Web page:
This is a big one. It’s common for popular trainings (often with famous instructors) to have over 50 people in one cohort. I would not doubt there are some with up to 100 individuals in the same class. There are also programs with just half a dozen individuals, where you can imagine the group experience is much more intimate.
Numbers matter for several reasons. The amount of people along for the ride with you in this life-changing experience makes a huge difference in the quality of instruction, the quality of your learning, and your ability to closely interface with and ask questions from your teacher.Whether a large group is good or bad, again, depends on how you learn and what your personality is like.
Generally speaking, smaller class size is better if you’re interested in a higher quality training. When it comes to education, there’s no doubt that greater access to the teacher cultivates a deeper understanding of the material.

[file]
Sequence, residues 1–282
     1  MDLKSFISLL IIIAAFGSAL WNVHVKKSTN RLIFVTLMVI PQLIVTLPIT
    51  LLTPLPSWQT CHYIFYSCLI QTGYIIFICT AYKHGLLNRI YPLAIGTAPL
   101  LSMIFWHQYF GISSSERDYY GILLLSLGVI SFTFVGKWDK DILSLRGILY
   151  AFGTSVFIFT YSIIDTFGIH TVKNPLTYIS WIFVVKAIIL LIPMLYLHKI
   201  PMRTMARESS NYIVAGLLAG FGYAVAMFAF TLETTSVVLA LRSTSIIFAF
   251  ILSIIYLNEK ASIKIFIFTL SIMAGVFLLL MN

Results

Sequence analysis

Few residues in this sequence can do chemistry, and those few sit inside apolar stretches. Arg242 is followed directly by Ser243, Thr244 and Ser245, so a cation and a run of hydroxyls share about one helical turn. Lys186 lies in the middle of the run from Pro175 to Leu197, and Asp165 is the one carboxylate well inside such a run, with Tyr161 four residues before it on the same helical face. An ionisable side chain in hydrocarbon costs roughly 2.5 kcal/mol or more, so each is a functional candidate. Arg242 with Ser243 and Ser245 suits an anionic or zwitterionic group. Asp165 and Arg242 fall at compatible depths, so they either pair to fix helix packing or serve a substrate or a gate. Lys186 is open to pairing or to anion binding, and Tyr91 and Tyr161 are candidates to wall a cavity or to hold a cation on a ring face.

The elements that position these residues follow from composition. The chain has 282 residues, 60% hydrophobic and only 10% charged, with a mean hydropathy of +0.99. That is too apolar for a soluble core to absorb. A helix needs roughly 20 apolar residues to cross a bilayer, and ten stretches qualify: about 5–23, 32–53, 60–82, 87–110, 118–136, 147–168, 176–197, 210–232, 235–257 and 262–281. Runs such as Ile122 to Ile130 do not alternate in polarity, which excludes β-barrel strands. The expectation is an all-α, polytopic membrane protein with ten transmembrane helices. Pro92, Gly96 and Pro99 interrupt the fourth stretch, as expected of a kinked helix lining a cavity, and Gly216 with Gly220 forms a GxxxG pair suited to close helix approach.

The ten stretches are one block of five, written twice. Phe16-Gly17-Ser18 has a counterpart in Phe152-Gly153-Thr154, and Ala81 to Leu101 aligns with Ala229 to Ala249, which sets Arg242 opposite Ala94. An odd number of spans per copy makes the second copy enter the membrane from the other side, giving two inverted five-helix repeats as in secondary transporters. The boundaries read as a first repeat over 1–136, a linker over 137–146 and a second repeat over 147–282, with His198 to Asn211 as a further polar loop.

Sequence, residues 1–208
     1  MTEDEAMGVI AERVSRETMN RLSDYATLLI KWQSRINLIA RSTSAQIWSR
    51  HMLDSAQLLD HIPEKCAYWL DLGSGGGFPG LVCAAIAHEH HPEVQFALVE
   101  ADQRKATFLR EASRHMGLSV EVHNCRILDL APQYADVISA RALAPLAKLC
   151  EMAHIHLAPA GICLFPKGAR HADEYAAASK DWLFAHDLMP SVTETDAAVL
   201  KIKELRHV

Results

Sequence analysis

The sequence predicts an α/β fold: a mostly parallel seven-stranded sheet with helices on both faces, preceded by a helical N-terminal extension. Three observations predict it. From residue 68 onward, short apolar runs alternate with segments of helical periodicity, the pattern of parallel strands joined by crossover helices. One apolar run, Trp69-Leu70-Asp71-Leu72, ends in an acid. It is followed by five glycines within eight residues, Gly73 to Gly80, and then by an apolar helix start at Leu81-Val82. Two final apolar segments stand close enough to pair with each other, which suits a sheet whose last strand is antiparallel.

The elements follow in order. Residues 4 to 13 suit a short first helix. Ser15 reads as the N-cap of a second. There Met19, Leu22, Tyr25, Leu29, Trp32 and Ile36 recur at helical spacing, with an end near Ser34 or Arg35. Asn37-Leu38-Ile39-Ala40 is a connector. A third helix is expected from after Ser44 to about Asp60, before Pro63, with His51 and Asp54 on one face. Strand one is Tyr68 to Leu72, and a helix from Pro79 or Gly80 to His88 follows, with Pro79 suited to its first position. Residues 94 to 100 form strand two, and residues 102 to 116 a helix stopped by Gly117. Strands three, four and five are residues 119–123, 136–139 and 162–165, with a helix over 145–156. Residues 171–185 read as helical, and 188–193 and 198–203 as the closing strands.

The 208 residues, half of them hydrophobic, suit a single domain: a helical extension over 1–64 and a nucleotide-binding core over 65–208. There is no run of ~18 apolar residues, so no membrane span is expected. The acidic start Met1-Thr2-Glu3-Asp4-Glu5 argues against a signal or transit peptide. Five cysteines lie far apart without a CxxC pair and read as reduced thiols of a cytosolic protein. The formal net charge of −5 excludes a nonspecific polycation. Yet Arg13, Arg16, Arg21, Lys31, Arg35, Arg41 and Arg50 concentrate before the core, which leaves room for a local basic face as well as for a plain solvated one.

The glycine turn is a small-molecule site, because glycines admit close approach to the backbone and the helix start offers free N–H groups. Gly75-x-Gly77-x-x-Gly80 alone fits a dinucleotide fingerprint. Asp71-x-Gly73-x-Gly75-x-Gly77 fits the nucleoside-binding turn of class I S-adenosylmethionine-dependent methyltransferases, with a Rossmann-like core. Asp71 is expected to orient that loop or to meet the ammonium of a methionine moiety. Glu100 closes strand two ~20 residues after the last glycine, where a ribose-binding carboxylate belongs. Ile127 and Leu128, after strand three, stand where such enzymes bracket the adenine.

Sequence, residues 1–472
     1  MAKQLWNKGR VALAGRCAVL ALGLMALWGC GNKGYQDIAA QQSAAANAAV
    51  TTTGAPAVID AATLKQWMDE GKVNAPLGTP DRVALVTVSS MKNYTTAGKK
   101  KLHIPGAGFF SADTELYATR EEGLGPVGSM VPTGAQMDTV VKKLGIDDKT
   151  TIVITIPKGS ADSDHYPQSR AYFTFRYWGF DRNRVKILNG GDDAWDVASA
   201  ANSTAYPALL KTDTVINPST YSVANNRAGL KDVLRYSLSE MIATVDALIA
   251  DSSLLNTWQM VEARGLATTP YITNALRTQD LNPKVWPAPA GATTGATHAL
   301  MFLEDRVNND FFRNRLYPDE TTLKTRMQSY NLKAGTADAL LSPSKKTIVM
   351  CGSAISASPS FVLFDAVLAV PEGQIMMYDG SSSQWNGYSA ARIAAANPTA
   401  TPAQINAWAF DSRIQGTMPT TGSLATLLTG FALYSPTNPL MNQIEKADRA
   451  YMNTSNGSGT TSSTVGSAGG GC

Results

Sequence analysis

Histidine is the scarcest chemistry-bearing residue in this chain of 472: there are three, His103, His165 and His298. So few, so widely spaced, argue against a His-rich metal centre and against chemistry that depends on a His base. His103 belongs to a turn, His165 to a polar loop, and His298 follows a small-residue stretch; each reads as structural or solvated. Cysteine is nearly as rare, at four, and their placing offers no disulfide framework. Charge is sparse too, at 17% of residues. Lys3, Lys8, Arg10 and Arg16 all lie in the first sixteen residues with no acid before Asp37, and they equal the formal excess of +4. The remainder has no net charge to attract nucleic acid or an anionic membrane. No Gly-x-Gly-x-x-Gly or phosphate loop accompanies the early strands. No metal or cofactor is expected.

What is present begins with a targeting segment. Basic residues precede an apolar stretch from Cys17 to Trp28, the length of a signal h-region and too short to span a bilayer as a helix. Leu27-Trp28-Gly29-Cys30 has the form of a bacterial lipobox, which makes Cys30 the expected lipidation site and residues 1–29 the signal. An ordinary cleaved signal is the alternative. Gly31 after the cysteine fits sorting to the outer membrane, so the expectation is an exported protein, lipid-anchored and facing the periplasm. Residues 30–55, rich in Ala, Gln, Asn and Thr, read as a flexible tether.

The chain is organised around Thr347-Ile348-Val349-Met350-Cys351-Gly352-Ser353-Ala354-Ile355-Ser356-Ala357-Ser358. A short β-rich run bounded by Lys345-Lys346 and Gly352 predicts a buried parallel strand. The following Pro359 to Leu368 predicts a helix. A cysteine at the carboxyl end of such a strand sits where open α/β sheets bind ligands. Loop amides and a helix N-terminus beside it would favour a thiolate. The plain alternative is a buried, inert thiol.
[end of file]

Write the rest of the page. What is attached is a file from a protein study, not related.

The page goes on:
Another biggie. What’s the word on the studio you’re looking into? Are they a shining example of yoga ethics or do they have their own shady interpretation of it? What are their Yelp reviews like? Do they put out quality teachers, or are they a “teacher mill” of sorts, just collecting the dues and handing out certificates?
Without naming names, I know of a few studios that are known for putting out not-so-great instructors, but they do it 30-40 people at a time. Be wary of narrowly focused programs that include a more fluff than real substance, and wary of poorly run studios or programs, as that speaks to how the information will be presented to you within the training.
Reputation will take a bit of digging to find out without being on “the inside” (in the pool of yoga teachers it’s much easier to hear of these things). Start by speaking privately with a couple of your favorite teachers to see where they did their training, and ask them to share what they know about the ones you’re interested in.
That about covers it. Do you have any other points you would add? Questions or comments about what stood out to you in this article? Leave a comment.